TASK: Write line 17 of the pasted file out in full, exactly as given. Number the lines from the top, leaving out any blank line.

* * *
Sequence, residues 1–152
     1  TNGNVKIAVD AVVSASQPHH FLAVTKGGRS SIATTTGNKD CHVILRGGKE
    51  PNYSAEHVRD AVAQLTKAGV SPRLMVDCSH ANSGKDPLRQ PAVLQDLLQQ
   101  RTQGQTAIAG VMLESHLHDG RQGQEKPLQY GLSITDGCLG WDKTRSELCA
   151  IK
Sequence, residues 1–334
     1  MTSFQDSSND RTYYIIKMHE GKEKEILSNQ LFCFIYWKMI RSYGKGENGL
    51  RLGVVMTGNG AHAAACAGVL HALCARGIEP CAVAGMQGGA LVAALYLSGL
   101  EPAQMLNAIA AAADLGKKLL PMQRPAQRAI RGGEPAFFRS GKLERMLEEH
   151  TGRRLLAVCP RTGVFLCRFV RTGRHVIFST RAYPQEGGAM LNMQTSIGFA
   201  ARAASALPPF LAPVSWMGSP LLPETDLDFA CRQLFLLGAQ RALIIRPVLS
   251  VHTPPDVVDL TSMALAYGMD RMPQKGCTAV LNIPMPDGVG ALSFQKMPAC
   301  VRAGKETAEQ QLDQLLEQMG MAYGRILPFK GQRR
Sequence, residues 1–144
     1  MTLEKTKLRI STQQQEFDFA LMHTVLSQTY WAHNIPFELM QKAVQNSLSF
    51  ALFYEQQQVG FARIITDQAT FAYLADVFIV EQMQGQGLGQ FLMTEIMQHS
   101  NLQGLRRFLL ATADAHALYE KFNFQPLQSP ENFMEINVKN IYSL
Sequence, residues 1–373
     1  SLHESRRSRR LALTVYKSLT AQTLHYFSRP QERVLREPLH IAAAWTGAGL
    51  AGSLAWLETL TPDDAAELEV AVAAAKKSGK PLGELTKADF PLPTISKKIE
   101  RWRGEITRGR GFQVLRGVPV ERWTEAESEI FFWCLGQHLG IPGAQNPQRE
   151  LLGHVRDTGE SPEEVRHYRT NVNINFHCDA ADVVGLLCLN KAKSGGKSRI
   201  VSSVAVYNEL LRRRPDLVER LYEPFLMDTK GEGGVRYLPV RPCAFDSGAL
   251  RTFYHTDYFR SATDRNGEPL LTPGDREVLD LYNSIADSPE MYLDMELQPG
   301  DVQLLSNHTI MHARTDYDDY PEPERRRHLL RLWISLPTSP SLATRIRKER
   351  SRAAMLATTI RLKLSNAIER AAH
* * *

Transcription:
   101  NLQGLRRFLL ATADAHALYE KFNFQPLQSP ENFMEINVKN IYSL